One mental tool I've found very useful is the 2x2 table (or 3x3, or 4x4, for that matter) to work out possible permutations and combinations of clinical signs and symptoms. I remember one from my undergraduate surgery days in approaching RHC pain for instance:
RHC pain is of hepatobiliary or pulmonary origin. And the hepatobiliary causes come either with or without jaundice, or with or without fever. So given these two dichotomous parameters - we have a 2x2 - and its quadrantic (4) subgroups of differentials.
Fever No Fever Jaundice (1)Cholangitis (2)Choledocholithiasis CholangioCA, CA head of pancreas No Jaundice (3)Cholecystitis (4)Biliary stasis Empyema Mucocele
We can add on more variables as we go along, like palpable lump or no palpable lump. Which should make 2x2x2 = 8 sub-groups. Where L=lump, NL=No lump, we now have:
Fever No Fever Jandice (1a)NL: Cholangitis (2a)NL: Choledocholithiasis (1b)L: ? (2b)L: CholangioCA, CA head of pancreas No Jaundice (3a)NL: Cholecystitis (4a)NL: Biliary stasis (3b)L: Empyema (4b)L: Mucocele
Looking at the above, there is yet no obvious answer for combination 1b - fever+jaundice+lump. Unless, of course, when we factor in the confounding 'dual-pathology'. In that case we can have four possible combinations that result in fever, jaundice and a lump: 1a + 4b (cholangitis with a mucocele), 2a + 3b (choledocholithiatis with an empyema), 2b + 3a (CA + cholecystitis), 1a + 2b (cholangitis with CA).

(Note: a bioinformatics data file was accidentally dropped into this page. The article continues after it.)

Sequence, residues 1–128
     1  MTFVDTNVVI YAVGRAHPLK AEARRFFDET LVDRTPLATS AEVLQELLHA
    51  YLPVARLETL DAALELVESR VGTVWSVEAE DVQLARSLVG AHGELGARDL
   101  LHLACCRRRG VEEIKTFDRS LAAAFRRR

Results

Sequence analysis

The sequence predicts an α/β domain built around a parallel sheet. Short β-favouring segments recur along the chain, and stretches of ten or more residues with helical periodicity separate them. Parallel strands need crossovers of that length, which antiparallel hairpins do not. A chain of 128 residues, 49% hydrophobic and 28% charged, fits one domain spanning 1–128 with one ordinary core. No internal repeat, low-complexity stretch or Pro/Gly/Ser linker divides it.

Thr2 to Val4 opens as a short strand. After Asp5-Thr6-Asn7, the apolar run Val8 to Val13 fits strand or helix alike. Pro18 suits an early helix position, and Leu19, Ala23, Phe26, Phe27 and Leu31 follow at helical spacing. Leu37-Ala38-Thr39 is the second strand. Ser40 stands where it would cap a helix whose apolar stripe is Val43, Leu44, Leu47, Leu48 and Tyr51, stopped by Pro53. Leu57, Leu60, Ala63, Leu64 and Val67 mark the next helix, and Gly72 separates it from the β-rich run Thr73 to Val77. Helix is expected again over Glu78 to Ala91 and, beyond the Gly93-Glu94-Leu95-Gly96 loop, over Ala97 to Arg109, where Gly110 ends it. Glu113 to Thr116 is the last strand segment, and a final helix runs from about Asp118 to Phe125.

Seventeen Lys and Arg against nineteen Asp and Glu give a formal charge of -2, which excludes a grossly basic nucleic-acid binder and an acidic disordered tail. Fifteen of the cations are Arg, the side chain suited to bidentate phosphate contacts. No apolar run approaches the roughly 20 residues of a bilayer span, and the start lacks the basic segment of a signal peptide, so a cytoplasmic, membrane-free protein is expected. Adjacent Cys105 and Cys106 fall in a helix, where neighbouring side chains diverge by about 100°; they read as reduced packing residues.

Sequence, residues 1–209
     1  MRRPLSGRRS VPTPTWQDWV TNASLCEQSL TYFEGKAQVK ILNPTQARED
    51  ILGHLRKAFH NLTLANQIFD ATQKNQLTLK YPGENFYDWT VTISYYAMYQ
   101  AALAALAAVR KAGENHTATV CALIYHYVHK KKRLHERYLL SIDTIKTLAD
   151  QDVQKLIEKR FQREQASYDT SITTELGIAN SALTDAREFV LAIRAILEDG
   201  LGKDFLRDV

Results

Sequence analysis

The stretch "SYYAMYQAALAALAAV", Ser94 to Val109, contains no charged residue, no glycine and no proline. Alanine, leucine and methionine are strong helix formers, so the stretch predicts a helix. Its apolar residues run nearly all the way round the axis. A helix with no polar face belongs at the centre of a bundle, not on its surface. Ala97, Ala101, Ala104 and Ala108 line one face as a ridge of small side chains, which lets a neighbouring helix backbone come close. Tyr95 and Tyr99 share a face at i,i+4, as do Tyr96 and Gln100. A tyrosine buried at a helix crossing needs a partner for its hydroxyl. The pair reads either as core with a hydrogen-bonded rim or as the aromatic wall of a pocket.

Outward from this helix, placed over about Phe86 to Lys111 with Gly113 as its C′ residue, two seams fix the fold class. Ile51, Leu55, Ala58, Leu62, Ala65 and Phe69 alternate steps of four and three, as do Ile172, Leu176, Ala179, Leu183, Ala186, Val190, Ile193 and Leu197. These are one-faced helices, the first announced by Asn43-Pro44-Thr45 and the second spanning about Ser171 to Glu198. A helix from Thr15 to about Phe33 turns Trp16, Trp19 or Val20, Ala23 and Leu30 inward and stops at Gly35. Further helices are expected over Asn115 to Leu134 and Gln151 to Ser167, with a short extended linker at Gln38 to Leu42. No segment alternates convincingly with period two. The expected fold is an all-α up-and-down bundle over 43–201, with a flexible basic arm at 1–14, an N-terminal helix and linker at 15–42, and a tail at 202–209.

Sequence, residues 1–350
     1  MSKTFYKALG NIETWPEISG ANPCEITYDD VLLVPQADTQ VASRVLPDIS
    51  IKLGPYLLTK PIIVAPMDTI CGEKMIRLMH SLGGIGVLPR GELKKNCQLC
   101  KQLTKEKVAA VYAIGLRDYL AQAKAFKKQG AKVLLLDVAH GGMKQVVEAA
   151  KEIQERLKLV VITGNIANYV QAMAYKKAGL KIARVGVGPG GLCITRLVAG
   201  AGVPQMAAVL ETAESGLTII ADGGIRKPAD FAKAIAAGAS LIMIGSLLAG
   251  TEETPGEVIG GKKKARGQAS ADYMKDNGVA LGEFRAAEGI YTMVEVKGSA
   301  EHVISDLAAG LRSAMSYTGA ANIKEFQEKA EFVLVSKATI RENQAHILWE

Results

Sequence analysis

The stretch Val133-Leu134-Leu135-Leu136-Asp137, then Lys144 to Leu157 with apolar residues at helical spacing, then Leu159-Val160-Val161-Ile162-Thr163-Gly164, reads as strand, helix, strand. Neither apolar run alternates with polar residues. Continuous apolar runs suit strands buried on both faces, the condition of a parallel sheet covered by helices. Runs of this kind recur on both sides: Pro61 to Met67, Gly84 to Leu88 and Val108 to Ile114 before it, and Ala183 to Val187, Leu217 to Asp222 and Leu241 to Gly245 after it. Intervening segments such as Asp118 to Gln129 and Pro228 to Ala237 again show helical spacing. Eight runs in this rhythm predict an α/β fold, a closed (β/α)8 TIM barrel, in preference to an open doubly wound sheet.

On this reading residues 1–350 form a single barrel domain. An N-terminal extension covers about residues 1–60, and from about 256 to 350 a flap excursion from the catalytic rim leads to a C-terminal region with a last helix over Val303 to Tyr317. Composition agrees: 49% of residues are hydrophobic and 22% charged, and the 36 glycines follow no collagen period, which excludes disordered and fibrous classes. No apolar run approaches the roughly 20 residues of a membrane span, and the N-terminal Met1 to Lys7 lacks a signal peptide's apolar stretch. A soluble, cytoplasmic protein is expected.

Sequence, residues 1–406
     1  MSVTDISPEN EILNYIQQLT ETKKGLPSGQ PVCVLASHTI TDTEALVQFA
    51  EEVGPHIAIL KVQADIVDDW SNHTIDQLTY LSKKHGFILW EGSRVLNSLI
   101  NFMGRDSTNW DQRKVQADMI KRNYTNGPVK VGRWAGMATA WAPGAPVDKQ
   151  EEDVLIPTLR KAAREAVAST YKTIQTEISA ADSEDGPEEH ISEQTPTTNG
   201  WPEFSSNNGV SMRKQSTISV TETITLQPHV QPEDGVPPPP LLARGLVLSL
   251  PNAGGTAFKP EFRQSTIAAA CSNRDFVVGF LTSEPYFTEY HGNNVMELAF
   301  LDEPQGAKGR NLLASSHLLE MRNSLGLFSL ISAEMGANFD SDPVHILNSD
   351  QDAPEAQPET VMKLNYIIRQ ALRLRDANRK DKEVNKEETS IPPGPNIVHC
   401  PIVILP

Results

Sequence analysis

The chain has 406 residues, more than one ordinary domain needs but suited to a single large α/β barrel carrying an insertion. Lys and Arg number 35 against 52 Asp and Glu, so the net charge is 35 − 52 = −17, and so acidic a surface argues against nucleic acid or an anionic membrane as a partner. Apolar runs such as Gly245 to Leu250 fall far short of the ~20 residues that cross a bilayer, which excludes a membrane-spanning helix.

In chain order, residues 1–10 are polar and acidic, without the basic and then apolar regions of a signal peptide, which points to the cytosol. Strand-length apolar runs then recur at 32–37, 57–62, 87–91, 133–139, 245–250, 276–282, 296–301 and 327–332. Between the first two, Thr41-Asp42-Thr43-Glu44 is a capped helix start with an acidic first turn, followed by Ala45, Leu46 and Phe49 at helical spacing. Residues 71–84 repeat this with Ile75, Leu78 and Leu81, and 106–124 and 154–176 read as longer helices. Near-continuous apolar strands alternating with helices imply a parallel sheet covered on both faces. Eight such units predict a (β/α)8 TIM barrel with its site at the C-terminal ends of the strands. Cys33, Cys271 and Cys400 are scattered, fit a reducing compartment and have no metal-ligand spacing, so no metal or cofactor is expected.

Confusing? Let's not even get into triple pathology!
One can do this for everything in medicine; for instance in lung examination , taking into consideration dull/resonant percussion, increased/reduced fremitus, tracheal deviation away/towards lesion, increased/reduced breath sounds, and presence/absence of crepitations. That gives us 2x2x2x2x2 = 32 possible permutations.
In ENT, an easy one is the Rinne and Weber's test. Rinne +ve/-ve, Weber towards/away from the bad ear gives us a nice 2x2 for unilateral ear pathology. Drawing a two by two for the BAD EAR, we get: